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SQL Server Table Partition Example

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Why Use a SQL Server Table Partition

Data warehouses and data repositories often have tables that store millions of records and each day adding thousands more.  As the data ages, the older records generally require fewer updates.  If all of these records are kept in a single physical table.  Queries and maintenance on the table and indexes will take longer to execute.  One alternative to keeping all of the data together is to split the table into smaller units.  SQL Server allows you to partition tables into smaller files and filegroups to make management and access more efficient for your large datasets.  For instance if you are collecting 1 million records daily.  You could create a partition for each month based on the transaction date by creating 12 filegroups to store the monthly partitions.  In this scenario, you would have a single logical entity that represents the entire table.  However, it is physically divided into 12 files in the database.  The applications that perform CRUD operations continue to operate normally and do not require code changes.  However, on the database you would need to configure the table to be a partitioned table.  SQL Server 2014 support up to 15,000 partitions of a table.
Table Partitions can have the following benefits.
  • Data access is more efficient and quicker, do to the volume of records
  • Maintenance operations can run on one or more partitions.  For example, rebuilding an index on a table that is frequently update
In order to create a table partition you need to create a partition function, partition schema, and appropriate files to store the partitions.
These are the steps and scripts required to create a partition on the Sales.SalesOrderHeader table in the AdventureWorks database.

Partition Function

First create a partition function to sort the data based on a datetime value.  In this example, I am going to use the OrderDate on table Sales.SalesOrderHeader to determine which partition to place the data in.

CREATE PARTITION FUNCTION [pf_SalesOrdHeader_byOrderDate](datetime ) AS RANGE RIGHT FOR VALUES (N’2005-01-01T00:00:00′, N’2006-01-01T00:00:00′, 

N’2007-01-01T00:00:00′, N’2008-01-01T00:00:00′, N’2009-01-01T00:00:00′)

Partition Schema

I have created 3 filegroups in the AdventureWorks database that each have a new datafile.  I want to map my data from 2005 to 2009 into these 3 file groups.  To do this, I create a partition scheme to map the dates from the partition function to the file groups in my database.  SalesHeader_fg1 will store data for years <= 2005 and <2006.  SalesHeader_fg2 will store data for years >=2006 and <2008. SalesHeader_fg3 will store data >=2008.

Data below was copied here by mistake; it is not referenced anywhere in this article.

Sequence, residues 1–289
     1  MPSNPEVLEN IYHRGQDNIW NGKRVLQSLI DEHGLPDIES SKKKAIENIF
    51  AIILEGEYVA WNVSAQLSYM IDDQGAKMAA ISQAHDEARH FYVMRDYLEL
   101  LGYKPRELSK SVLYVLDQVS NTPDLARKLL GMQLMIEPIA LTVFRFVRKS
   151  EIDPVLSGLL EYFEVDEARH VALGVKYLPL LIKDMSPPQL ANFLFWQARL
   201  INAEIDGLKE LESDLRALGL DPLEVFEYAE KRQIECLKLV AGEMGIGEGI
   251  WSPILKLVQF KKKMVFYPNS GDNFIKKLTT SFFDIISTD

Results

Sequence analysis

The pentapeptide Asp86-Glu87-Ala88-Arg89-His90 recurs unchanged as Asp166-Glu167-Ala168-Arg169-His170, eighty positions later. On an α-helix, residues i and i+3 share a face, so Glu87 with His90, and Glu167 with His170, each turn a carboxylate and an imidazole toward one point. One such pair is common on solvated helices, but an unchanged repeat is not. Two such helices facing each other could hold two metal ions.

CREATE PARTITION SCHEME [ps_SalesOrdHeader_byYear] AS PARTITION [pf_SalesOrdHeader_byOrderDate]

TO ([SalesHeader_fg1] , [SalesHeader_fg1] , [SalesHeader_fg2] , [SalesHeader_fg2] , [SalesHeader_fg3], [SalesHeader_fg3])

Partition Storage

Now that the partition function and partition schema are created, I need to modify the Sales.SalesOrderHeader table to leverage the newly created partition.  In SSMS right click on the Sales.SalesOrderHeader to configure the storage for this table.  Follow the steps to setup the partitioning and implement it on the table.

Table Partition SQL Server

This script will modify the table to leverage the partitioning:

CREATE CLUSTERED INDEX [ClusteredIndex_on_ps_SalesOrdHeader_byYear_635501670010470225] ON [Sales].[SalesOrderHeader]

(

        [OrderDate]

)WITH ( SORT_IN_TEMPDB = OFF, DROP_EXISTING = OFF , ONLINE = OFF) ON [ps_SalesOrdHeader_byYear]([OrderDate] )

After configuring the partition using the above settings you can look at the table properties to see how the partition is setup.

Partitioned Table Properties

In order to see how the partitioning split the records across the files and filegroups you can run this query:

SELECT OBJECT_SCHEMA_NAME (t. object_id) AS schema_name        

    ,t. name AS table_name        
    ,i. index_id        
    ,i. name AS index_name        
    ,p. partition_number        
    ,p. rows          
FROM sys .tables t             
join sys .indexes i ON t. object_id = i. object_id 
             join sys .partitions p ON i. object_id=p .object_id AND i.index_id =p. index_id 

 

 For more information on SQL Server Partitions see these links:

 

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